If you are a successful advisor, you have made your career because you have helped people in your local community. You have raised your visibility. People know who you are and consider you a qualified professional. You still haven’t broken into the top tier of wealth in the community. Getting involved with fundraising for a local nonprofit is an excellent next step.
Ten Reasons Why You Want to Fundraise
Let’s assume you are already involved with local charitable organizations. You write checks and buy tickets to attend gala events. Here’s why you want to dive deeper and how to do it.
- Giving back is the right thing to do. Your community has helped make you successful. It’s only right to find a way to give back. If the world was divided into givers and takers, you want to be seen as a giver. Why? Because you are.
- Nonprofits are always in need of funds. Most aren’t getting big checks from the government. They rely on private donations. If you help them fundraise, you are on the revenue side of the equation.
- You have the skill. As a financial advisor, you can look people in the eyes and ask them for money. Few other people do. This is an area where you can make a big impact and draw attention to yourself.
- You can get this done quickly. You are used to getting appointments, showing up, making your case, asking for the order, getting out and following up. The task that takes you minutes will take other people weeks or months.
- They have prospects. You don’t need to find donors. Your local nonprofit knows who has deep pockets. They can tell you who to go after for a contribution.
- The stars align. You want people with assets. Philanthropists have money to give away. The people you will meet are prequalified.
- People will see you. We know their prospects are also your prospects. If you called to talk about investing, their screener would shut you down. Call to talk with them about a high-profile charity and doors open.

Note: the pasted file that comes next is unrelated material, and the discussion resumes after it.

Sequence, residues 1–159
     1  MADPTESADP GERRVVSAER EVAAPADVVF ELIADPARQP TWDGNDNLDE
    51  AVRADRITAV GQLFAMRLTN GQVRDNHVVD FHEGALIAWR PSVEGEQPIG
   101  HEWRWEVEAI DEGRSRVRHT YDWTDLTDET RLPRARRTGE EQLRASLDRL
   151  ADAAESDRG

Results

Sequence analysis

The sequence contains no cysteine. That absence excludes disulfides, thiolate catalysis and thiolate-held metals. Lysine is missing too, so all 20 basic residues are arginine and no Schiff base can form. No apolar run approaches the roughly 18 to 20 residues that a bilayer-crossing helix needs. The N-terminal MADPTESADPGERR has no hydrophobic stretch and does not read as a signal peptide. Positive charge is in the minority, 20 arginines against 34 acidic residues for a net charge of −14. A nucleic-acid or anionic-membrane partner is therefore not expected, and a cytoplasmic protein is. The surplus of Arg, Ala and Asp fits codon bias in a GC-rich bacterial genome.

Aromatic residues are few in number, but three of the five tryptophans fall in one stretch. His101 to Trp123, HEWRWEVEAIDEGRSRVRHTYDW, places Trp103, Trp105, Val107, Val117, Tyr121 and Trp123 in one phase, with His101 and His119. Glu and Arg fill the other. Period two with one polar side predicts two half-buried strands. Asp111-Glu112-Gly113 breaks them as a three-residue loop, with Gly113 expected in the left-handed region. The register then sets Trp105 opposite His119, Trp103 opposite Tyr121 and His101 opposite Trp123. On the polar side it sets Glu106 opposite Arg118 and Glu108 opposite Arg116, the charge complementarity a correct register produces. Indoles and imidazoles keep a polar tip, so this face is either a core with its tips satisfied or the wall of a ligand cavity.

- You can make a connection. People with money often give to charity. Today’s philanthropists want to see how their money is being spent. They attend events put on by the organization. You attend the same events. You can connect and reconnect again, identifying interests in common.
- You are identified with a noble cause. Word gets around you are raising money for a worthy charity. Many people feel kindly about the mission. They wish they could do something to solve this social problem. One of the easiest things they can give is money. You are the conduit.
- The concept of the second check. You made new friends. You’ve gotten to know them, seeing them at social events and around town. You have identified a need. You step into your business role and politely ask them to become a client. In your mind, you are asking for the “first check,” the one that opens the account. To them, it’s the “second check” because the first one they handed you was a contribution to the charity. They had a good experience and got to know you better. The second check is easier to get. Here’s one more benefit: The nonprofit will appreciate what you’ve done. They will want you to continue. They will likely bring you inside the inner circle, made of some of the top tier in the community.